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Friday, April 6, 2012

The Last Good Man, by A. J. Kazinski, translated by Tiina Nunnally (hardcover, $26.99)

The Last Good Man is a Danish book that has won a couple of foreign awards. A. J. Kazinski is the pseudonym of Anders Rønnow Klarlund and Jacob Weinreich. Klarlund is a filmmaker, so guess where this book is probably headed! And, frankly, I would be standing in that movie ticket line.

On the face of it, this is an apocalyptic thriller. Two police detectives, Tommaso di Barbara in Venice and Niels Bentzon in Copenhagen, are drawn into figuring out what has killed people all over the world. These people -- di Barbara and Bentzon have found about twenty of them so far -- die with an odd, burning, stigmata-like rash on their backs. Di Barbara is convinced these people represent some of the thirty-six "righteous" people (Tzadikim Nistarim from the Talmud) who guard the world from evil. How many people are left who might be saved from death? 

It soon becomes mostly Niels' story, and he gets some help from Hannah Lund, whom he meets while trying to find one of the "good" people who might be the next victim. Hannah represents science in its purest form. She's an astrophysicist, crippled emotionally by the death of her son and desertion by her husband. She tries to find a "system" by which the next victim can be identified. It is Hannah's struggle to reconcile enjoying the scientific puzzle with the realization that human beings are at peril that adds to the interest.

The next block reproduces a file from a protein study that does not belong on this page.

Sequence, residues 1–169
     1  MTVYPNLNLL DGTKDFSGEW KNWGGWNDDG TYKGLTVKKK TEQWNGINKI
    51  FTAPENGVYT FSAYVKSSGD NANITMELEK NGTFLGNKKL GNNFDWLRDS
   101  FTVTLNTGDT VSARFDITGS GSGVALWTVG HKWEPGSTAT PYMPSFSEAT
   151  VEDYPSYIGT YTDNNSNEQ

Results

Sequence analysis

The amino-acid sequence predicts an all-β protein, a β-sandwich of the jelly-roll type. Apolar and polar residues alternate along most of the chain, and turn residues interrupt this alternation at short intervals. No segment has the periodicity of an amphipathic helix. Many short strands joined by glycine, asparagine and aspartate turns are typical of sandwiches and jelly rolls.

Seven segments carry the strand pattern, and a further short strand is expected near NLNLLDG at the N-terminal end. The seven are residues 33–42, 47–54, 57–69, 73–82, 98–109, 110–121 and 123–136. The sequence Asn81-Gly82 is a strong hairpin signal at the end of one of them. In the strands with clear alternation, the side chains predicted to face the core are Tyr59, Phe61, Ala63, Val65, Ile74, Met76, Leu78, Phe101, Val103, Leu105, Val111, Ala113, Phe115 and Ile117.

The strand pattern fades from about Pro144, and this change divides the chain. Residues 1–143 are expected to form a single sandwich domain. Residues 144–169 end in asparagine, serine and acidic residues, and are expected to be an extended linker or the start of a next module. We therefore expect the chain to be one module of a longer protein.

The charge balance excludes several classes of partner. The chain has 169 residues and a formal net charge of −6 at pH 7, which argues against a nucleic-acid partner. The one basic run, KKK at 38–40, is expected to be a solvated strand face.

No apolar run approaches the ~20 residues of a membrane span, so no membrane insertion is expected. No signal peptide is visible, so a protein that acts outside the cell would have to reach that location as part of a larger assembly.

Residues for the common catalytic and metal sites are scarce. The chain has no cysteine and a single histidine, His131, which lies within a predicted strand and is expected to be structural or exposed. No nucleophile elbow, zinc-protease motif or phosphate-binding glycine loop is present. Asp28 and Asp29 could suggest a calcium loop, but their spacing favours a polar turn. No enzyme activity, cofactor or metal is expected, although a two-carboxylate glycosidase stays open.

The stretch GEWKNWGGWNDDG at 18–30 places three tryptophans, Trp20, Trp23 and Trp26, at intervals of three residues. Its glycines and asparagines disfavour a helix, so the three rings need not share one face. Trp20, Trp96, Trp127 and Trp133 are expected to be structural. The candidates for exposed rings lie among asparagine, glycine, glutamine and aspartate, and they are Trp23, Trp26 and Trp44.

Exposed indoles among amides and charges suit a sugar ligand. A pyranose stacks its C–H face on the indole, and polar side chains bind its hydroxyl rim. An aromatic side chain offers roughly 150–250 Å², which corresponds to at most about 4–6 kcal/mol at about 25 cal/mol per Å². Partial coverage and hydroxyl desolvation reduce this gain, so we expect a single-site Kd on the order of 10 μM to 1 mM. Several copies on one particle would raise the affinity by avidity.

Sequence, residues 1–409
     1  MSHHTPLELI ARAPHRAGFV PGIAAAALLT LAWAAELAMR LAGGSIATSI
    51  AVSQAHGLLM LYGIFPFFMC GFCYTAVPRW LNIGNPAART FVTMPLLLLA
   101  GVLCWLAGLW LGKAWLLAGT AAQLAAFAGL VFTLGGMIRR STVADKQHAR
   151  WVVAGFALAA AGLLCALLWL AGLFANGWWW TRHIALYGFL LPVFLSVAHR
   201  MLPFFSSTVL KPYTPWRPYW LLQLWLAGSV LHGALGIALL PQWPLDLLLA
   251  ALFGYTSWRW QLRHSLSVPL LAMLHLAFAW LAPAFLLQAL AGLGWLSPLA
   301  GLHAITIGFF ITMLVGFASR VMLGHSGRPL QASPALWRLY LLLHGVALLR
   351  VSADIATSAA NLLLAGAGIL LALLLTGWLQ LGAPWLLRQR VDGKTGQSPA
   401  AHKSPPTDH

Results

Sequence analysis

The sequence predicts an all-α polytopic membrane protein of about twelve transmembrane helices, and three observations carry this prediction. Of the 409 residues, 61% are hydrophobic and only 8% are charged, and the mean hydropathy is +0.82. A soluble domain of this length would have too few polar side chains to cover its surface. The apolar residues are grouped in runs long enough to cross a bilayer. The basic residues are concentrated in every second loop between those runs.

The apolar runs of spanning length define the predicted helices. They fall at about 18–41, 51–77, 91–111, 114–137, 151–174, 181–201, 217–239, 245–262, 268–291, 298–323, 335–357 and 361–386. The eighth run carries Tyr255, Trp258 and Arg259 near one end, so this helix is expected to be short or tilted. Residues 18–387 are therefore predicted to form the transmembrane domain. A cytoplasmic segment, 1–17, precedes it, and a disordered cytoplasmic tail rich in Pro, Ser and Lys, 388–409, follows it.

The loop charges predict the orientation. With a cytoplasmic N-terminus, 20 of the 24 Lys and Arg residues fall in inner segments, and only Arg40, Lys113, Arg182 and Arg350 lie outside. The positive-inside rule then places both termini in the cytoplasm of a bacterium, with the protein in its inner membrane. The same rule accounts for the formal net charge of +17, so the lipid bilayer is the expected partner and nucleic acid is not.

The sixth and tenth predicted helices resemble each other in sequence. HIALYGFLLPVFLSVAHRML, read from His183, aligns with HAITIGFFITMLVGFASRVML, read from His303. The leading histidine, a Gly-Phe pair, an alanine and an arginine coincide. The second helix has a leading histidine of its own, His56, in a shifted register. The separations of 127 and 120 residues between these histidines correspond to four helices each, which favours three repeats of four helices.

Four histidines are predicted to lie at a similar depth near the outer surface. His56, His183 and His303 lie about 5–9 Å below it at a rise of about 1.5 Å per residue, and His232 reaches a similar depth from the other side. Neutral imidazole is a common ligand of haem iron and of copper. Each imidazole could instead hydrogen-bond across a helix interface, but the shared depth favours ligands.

There are action and chase scenes and all the mandatory props for a thriller, but it is the authors' use of the myth of the thirty-six righteous people that carries the intrigue forward. If there are these people and they all die, will that herald Judgment Day? The last part of the book heads into spiritual territory, but always within the context of no matter who or what has created the thirty-six people (and, remember, we still don't know if there are actually thirty-six saintly souls), the question remains, who or what is killing them.

Kazinski starts the book with a scene of a researcher putting a picture face up near the ceiling of an operating room. Will some of the people who die in the operating room and are subsequently resuscitated relate that they floated to the top of the room and viewed themselves on the operating table? Will they "see" the picture and be able to identify it accurately? That's almost a forgotten element of the story until the end.

It is a race against the clock in the best thriller style. But it is also a very moving book about people trying to do their best, trying to forgive themselves, trying to help others. That's what really separates this book from other apocalyptic novels and makes me raise my thumb up in praise. (Plus Nunnally really is a good translator.)

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